Google Rating

During National Alzheimer's Awareness Month, Regency Retirement Village of Tuscaloosa is actively increasing awareness about the disease and its associated symptoms.

In November, the spotlight shifts to Alzheimer’s Awareness Month, a period for raising awareness about Alzheimer’s disease. More than 6 million Americans have Alzheimer’s disease, with most cases impacting adults age 75 or older. With so many people around the world affected by the disease, activists have dedicated the month of November to Alzheimer’s education and advocacy.

Regency Retirement Village of Tuscaloosa recognizes the importance of Alzheimer’s awareness not just in November but throughout the year. Many of our dear residents struggle with the disease or other forms of dementia. We have a special interest in raising awareness of Alzheimer’s and providing education about the disease because of our relationships with these residents and their families.

So, to honor Alzheimer’s Awareness Month, we’ve shared some facts and figures about Alzheimer’s in this blog. We hope that learning about the causes, symptoms, and potential treatments of Alzheimer’s will empower you to stay on top of your health and encourage friends and family to do the same.

What is Alzheimer’s Disease?

Alzheimer’s disease is a brain disorder that affects memory, thinking and the ability to perform everyday activities. The disease begins with short lapses in memory and eventually leads to more serious mental, physical, and behavioral issues. It is not a part of healthy aging, and there is no known cure for the disease yet.

In the brain, Alzheimer’s damages areas linked to memory, movement, thinking, and language. These brain areas are damaged by abnormal plaques and tangles in the brain, called amyloid plaques and neurofibrillary. Damage between brain cells can occur as well. As the condition causes more damage to the brain, symptoms become worse.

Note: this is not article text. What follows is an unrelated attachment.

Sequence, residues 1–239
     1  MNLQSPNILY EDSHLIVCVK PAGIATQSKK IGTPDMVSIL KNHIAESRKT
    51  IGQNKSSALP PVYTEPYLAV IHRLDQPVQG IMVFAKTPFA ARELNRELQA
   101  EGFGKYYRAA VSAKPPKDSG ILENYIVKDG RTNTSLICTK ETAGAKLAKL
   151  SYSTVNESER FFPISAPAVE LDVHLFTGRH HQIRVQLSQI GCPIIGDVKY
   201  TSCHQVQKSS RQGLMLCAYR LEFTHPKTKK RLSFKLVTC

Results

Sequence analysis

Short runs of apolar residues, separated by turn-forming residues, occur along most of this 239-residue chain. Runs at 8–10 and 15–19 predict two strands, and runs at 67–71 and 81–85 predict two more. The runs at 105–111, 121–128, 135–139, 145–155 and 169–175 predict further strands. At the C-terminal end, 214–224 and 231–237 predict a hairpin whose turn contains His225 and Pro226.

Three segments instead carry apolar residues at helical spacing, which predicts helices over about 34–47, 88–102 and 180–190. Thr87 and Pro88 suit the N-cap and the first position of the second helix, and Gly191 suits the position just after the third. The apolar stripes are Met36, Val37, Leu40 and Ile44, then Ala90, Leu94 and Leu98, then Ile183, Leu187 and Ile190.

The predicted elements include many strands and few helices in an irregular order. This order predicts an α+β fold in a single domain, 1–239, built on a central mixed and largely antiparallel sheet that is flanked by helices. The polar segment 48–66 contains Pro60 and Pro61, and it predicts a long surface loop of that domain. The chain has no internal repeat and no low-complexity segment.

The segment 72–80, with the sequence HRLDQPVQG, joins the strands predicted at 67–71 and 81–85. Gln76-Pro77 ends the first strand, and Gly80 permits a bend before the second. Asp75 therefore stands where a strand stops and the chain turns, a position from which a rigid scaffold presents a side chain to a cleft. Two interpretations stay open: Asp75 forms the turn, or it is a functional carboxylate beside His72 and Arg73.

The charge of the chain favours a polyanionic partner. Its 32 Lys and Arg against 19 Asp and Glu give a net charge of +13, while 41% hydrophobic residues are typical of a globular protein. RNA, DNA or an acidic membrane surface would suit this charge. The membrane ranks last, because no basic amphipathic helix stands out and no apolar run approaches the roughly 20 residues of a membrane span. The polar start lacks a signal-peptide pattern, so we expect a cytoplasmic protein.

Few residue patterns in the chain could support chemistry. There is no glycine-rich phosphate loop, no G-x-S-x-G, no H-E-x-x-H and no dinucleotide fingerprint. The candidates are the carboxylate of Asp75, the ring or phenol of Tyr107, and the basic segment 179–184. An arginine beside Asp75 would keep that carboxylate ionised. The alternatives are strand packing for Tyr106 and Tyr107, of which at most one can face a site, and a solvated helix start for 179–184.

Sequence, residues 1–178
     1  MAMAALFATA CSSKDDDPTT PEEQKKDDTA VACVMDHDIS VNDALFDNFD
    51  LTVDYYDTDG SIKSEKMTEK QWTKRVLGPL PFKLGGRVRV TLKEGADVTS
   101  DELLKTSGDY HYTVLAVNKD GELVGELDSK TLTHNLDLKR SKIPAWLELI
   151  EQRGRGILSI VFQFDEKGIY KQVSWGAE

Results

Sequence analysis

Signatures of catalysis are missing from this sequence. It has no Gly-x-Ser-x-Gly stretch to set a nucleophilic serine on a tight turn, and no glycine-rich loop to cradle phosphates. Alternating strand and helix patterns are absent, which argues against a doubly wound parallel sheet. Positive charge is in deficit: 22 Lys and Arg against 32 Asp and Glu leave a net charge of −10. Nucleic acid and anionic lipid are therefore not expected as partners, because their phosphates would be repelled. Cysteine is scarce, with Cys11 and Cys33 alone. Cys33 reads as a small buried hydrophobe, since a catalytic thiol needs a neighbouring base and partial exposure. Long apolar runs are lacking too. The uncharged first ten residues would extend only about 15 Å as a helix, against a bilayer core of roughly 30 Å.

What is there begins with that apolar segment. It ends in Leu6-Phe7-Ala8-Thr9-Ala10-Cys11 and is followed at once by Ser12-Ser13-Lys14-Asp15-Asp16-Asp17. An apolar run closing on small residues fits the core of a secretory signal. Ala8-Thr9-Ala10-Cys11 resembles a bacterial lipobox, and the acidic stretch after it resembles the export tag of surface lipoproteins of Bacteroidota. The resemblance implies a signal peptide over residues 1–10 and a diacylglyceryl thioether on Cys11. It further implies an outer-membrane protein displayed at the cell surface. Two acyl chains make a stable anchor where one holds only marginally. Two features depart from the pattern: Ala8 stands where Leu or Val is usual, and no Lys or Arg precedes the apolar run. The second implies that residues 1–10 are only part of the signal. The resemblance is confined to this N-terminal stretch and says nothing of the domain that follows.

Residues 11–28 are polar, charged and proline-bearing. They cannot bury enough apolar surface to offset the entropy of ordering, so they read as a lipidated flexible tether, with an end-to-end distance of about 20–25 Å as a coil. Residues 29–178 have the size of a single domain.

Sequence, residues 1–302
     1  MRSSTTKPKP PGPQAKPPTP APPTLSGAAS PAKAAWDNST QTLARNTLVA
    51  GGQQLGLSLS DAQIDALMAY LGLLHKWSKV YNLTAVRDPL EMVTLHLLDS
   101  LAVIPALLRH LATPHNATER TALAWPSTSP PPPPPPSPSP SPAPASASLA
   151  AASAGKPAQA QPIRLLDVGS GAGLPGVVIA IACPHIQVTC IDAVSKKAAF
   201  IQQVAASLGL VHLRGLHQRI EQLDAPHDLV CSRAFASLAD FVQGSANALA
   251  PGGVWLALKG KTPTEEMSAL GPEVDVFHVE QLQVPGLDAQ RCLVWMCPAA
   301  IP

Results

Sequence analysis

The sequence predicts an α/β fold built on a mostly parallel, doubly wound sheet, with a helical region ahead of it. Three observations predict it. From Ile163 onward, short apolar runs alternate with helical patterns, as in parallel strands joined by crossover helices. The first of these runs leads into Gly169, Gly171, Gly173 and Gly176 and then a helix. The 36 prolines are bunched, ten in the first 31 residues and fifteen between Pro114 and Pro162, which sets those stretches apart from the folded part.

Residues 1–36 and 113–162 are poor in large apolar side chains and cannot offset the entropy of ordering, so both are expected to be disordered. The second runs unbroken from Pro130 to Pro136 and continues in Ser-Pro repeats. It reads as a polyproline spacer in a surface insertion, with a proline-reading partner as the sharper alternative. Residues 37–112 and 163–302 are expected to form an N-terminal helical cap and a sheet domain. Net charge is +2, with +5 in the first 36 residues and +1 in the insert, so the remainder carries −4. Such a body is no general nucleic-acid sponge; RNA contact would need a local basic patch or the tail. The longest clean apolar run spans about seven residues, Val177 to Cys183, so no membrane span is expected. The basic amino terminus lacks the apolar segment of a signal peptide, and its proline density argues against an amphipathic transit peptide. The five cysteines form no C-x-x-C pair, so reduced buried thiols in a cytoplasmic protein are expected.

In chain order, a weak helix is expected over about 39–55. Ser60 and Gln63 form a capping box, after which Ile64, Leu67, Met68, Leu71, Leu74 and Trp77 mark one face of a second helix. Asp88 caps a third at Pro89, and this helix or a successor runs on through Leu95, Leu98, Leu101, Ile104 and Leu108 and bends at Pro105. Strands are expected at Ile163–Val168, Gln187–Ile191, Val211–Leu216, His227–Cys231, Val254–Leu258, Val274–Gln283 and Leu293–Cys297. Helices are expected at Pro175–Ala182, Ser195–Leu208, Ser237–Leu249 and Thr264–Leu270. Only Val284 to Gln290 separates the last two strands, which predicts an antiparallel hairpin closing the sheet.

Scientists aren’t completely sure how Alzheimer’s starts, but many believe it is caused by the buildup of misfolded proteins between the cells in the brain. These proteins eventually cause damage to the surrounding brain tissue, affecting the patient’s thinking, memory, behavior and more.

Symptoms of Alzheimer’s Disease

Educating the public about the symptoms and signs of the condition is one of the main goals of Alzheimer’s Awareness Month. Knowing what Alzheimer’s disease looks like and how it affects a person is crucial for early detection. Early detection can significantly improve the patient’s prognosis and quality of life. The sooner Alzheimer’s disease is detected, the sooner a person can begin treatment.
Mild Cognitive Impairment (MCI) is a condition that frequently evolves into Alzheimer’s Disease, albeit with milder memory and cognition issues than Alzheimer’s. Individuals with MCI can usually manage their daily activities, but they are at an increased risk of developing Alzheimer’s disease. It is crucial to monitor symptoms under the guidance of a medical professional to assess whether they are improving or progressing. This monitoring aids in the formulation of a care plan to address the condition effectively.

Symptoms of Mild Cognitive Impairment:

  • Frequently losing items
  • Forgetting appointments or significant events
  • Difficulty finding words

While occasional memory lapses are normal in healthy aging individuals, persistent instances may indicate mild cognitive impairment. It’s expected to misplace glasses or forget to pay a bill occasionally, but heightened forgetfulness warrants a visit to the doctor.

Symptoms of Alzheimer’s Disease:
In Alzheimer’s disease, MCI symptoms are more pronounced, and additional manifestations typically arise.

  • Frequently losing items
  • Forgetting appointments or significant events
  • Difficulty finding words
  • Repeating questions or stories
  • Difficulty engaging in conversations
  • Challenges in reading or writing
  • Problems handling payments and money
  • Difficulty with daily activities
  • Getting lost in familiar places